Here's how many Marriott hotels actually have resort fees
President Joe Biden’s State of the Union speech earlier this month brought the travel industry into political crosshairs. The president called out surprise resort fees as a practice that could get banned under his proposed Junk Fee Prevention Act.
Marriott customers, however, shouldn’t get too excited by the possibility of resort fees (or any other version of the practice, like “city fees” or “destination fees”) going away the next time they book a stay at select hotels.
Further, guests might be surprised to find out fewer than 4% of Marriott’s hotels have resort fees, according to the company’s estimate of its global network of managed and franchised properties.
“You would expect we listened with great interest to the president's comments during the State of the Union. It appeared, if you listen to what he actually said, his concern was ‘hidden fees’ and the manner in which we disclose resort fees or destination fees,” Marriott CEO Anthony Capuano said during an investor call Tuesday. “Combined with the rigorous process we have to approve the implementation of one of those fees and the requirements for a meaningful value proposition before those fees are approved gives give us comfort that we have the right strategy.”
Biden’s Junk Fee Prevention Act goes after hotel companies, cable television providers, airlines and live entertainment ticket providers for drip pricing and not disclosing costs upfront.
“We’ll ban surprise ‘resort fees’ that hotels tack on to your bill,” Biden said during the State of the Union address last week. “These fees can cost you up to $90 a night at hotels that aren’t even resorts.”
Marriott discloses added nightly fees in a blue box at the top of a booking page when you select a hotel from its website. Capuano indicated Tuesday that fewer than 300 of Marriott’s more than 8,300 hotels and resorts partake in the practice of charging nightly resort or destination fees.
Company leaders maintain Marriott has always been transparent about its resort fees.
“Resort fees tend to be a hot topic because I think you’ve probably seen there’s been some chatter out there from the [state] attorneys general about the way they are displayed,” Leeny Oberg, Marriott’s chief financial officer, said at a Skift Global Forum event in 2019. “And I’ll remind everybody that we always make sure they are very clearly displayed before you actually book a room.”
When a Marriott-branded hotel levies a fee on top of the displayed nightly rate, it displays the information upfront. This is thanks to a settlement from when the Pennsylvania attorney general’s office investigated the company on its resort fee practices.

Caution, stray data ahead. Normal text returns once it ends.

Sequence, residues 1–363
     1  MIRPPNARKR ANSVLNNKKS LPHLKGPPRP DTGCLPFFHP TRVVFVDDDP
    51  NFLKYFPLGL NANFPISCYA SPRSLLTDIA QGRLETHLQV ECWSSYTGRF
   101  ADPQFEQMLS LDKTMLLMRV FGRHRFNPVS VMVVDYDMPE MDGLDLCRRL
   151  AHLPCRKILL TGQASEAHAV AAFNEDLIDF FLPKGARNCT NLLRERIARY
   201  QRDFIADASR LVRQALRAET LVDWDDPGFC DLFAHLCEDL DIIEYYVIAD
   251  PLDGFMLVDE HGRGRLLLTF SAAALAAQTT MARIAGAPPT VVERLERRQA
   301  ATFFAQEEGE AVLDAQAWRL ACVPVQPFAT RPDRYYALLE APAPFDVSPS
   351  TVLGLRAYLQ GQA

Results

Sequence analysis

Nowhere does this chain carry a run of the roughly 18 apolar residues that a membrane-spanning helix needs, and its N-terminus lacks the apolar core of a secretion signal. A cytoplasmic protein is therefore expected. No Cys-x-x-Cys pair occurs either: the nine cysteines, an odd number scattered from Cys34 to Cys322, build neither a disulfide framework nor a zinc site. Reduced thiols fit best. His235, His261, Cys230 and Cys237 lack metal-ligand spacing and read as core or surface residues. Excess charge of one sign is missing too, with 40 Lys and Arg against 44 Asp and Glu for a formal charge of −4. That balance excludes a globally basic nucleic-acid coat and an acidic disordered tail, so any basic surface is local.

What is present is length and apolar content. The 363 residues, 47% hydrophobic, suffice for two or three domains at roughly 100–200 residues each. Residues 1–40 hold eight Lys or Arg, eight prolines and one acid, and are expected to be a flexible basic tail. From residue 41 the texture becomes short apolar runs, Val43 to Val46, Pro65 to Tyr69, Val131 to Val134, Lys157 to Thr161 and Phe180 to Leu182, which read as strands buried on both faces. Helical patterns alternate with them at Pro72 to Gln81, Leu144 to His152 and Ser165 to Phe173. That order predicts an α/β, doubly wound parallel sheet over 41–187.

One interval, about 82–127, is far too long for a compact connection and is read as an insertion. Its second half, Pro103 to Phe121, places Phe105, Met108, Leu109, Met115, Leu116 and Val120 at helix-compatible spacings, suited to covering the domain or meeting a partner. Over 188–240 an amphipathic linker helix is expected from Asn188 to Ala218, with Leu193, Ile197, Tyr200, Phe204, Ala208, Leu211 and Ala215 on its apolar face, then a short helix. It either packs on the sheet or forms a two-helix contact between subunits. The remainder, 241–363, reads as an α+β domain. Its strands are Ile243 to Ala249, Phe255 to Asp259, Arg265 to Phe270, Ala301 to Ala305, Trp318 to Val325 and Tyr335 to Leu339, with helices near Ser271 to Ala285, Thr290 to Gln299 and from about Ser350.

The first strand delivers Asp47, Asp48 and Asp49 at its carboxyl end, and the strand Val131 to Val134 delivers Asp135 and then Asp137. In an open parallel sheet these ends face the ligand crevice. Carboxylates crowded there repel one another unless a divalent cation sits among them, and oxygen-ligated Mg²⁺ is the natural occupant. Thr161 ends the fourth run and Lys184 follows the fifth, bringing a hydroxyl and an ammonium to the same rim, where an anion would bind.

An audit included in the Pennsylvania lawsuit of Marriott’s resort fee-charging hotels in the last five months of 2015 showed only 67% of those hotels disclosed the fee at the time of a reservation.
Rising fees, rising profits
Marriott has made at least $206 million off resort and destination fees at its self-managed resorts since 2012, according to depositions included in the Pennsylvania lawsuit. Hotel owners love the practice because it boosts revenue and profit margins. Critics and guests often see it more as a bait-and-switch tactic on pricing.
The Pennsylvania lawsuit noted hotel owners at Marriott-affiliated hotels charged anywhere between $9 and $95 per night. The lawsuit noted guests received perks that wouldn’t normally be included in a nightly rate, like food and beverage credits or free play at a Las Vegas casino.
The practice draws scrutiny across many brands beyond the Marriott orbit for charging customers for things that used to be included in a nightly rate — or are largely deemed obsolete by today’s traveling and work habits.
A recent TPG stay at an InterContinental property in Boston, for example, included a $34.95-per-night resort fee. What did that include? Free local telephone calls, no fee for a rollaway bed, use of the hotel gym and free photocopies for up to 100 pages, to name a few of the less desirable or less used perks in the package.
An industrywide critique
Marriott isn’t the only brand to face legal challenges over resort fees, either. The Nebraska attorney general sued Hilton in 2019 for resort fee practices and what it labeled “deceptive and misleading pricing practices.”
A Hilton spokesperson at the time noted to TPG that resort fees were charged at fewer than 2% of the company’s hotels globally — a similarly small number to the roughly 3.6% of Marriott hotels Capuano said charge some version of a resort fee.
“In terms of materiality, it's quite impactful for those individual owners, but less impactful on a portfoliowide basis,” he added Tuesday.